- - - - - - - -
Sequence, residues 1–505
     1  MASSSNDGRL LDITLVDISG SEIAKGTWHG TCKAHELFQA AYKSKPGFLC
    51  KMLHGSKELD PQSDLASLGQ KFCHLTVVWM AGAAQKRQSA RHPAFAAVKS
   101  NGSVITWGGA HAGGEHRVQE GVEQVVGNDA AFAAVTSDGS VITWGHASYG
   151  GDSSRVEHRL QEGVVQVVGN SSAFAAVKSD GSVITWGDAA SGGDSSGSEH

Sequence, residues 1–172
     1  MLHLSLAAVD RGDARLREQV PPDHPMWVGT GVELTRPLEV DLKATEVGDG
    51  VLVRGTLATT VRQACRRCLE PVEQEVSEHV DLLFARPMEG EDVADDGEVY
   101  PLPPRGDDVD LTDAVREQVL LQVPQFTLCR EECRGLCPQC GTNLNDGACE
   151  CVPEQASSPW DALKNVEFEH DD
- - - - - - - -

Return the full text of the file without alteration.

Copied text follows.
Sequence, residues 1–505
     1  MASSSNDGRL LDITLVDISG SEIAKGTWHG TCKAHELFQA AYKSKPGFLC
    51  KMLHGSKELD PQSDLASLGQ KFCHLTVVWM AGAAQKRQSA RHPAFAAVKS
   101  NGSVITWGGA HAGGEHRVQE GVEQVVGNDA AFAAVTSDGS VITWGHASYG
   151  GDSSRVEHRL QEGVVQVVGN SSAFAAVKSD GSVITWGDAA SGGDSSGSEH

Sequence, residues 1–172
     1  MLHLSLAAVD RGDARLREQV PPDHPMWVGT GVELTRPLEV DLKATEVGDG
    51  VLVRGTLATT VRQACRRCLE PVEQEVSEHV DLLFARPMEG EDVADDGEVY
   101  PLPPRGDDVD LTDAVREQVL LQVPQFTLCR EECRGLCPQC GTNLNDGACE
   151  CVPEQASSPW DALKNVEFEH DD